I went back to the class to hear the bell ring and watch them all leave.  Apparently, I was to follow them from class to class, but I didn’t have a schedule of where they were headed or how long I had with them in each room.  I tried to get a little context from the person who facilitated Rapper’s Delight Hour and she reluctantly told me the next location.  I packed up all the things I had spent the remedial period setting up, and hoped the next classroom had a bit more structure.

When I arrived, the teacher didn’t acknowledge me.  I stood at the front of the class holding my kit, trying to assess how I would hang my visuals, where I would put  my activity book, and how I would arrange the students most effectively.  He cleaned up after their remedial period, which actually seemed to involve use of their cerebrums.  When he was finished, he told the students to pay attention to me and handed over the floor.  Boom: go time.

I introduced myself and got down to business.  I put the key words on the board, breezed through a Jackie-style mini lecture on immigration on the 1800s and actually surprised myself with how well I was handling it all.  By the time the activity portion rolled around, I acquired what I referred to as the “Sleeper Table”, a table full of kids who pulled their heads inside their hoodies like turtles and hid from the knowledge I was bestowing upon them.  The teacher noticed and ignored them so I chalked it up to a regularity and decided to be thankful that they were all at least gathered in the same area of the room.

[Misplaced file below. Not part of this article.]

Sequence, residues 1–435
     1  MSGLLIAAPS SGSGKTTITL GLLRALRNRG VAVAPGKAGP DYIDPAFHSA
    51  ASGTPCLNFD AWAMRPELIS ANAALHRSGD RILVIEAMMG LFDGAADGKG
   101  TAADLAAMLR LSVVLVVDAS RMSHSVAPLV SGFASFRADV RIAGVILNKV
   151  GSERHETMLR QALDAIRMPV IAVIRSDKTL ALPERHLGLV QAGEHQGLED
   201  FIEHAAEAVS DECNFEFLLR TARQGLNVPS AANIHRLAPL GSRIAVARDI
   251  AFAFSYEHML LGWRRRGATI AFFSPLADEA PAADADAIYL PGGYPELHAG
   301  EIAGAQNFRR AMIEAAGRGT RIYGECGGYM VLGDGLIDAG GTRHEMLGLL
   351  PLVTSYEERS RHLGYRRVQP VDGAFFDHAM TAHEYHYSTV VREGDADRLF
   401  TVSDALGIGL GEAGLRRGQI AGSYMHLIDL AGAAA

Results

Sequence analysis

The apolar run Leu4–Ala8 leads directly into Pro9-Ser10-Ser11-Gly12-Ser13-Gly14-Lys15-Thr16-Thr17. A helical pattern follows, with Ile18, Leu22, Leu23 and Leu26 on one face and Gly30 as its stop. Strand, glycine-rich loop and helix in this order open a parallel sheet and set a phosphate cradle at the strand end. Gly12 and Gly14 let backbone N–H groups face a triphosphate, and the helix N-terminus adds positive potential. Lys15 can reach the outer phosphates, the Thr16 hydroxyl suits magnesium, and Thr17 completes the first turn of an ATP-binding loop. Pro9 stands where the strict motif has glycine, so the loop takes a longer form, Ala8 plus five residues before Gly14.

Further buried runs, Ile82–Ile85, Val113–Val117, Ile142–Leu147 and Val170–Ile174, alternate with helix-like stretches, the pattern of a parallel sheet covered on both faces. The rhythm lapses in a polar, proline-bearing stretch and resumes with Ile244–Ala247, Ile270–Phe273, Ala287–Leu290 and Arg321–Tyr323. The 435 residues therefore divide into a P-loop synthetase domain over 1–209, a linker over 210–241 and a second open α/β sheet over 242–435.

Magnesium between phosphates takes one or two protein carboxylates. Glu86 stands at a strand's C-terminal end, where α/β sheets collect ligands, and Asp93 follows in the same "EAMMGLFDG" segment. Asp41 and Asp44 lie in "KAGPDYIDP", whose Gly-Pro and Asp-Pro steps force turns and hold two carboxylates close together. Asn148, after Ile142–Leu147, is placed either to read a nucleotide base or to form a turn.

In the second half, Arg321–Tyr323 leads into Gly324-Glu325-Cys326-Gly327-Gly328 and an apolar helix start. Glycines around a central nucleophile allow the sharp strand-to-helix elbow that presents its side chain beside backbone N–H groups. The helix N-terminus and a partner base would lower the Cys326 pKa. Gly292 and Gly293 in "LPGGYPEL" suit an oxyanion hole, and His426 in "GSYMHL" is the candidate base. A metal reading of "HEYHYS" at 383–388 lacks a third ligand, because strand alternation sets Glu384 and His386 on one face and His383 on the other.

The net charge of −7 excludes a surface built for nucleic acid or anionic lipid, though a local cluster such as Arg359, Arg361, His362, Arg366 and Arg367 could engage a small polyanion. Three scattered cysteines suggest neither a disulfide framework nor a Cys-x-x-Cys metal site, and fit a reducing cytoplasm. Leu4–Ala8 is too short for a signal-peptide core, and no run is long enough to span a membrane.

I had just finally summed up the Homestead Act and put them in a few scenarios to see how they would handle the decision to move out west when the bell rang.  It was mandatory art period – I had 40 minutes to myself.  I was also informed by the teacher of a career fair that was to take place at the end of the day, knocking a total of two more sessions off my lesson plan.  I cut the ‘transportation of the 1800s’ off the list.  I figured it was kind of common sense anyway.

That was, until after the mandatory art period when all the kids returned (I had packed up all my things and moved to a different room again).  When I was introducing the section on human, capital, and natural resources, one of the students asked if there were cars in the 1800s.  I used it as a teaching opportunity and threw in some of the pointers from the transportation lesson.  I asked them all to shout out what they thought were forms of transportation in the 1800s.  One student eagerly shouted “a windmill!!”

He was very disappointed when I told him you can’t ride a windmill.  In retrospect, I suppose that was closeminded of me.  You can certainly ride one; it just won’t get you very far.  I wrapped up my combination of transporation/business resources session and was glad I could fit them in together, else that poor boy would have gone into high school thinking he could hop on a windmill and ride it into the western sun.

I was changing lives.

By the final session, it was clear who my winners and losers were.  I had a very engaged section of kids on my left, a sleeper section on my right, and a girl right in the middle who flatly refused to do anything at all.  She had a posse.  And since that reminded me of the posses from my high school experience, just looking at her pissed me off.  At one point, she threw her pencil on the ground and told me to pick it up for her.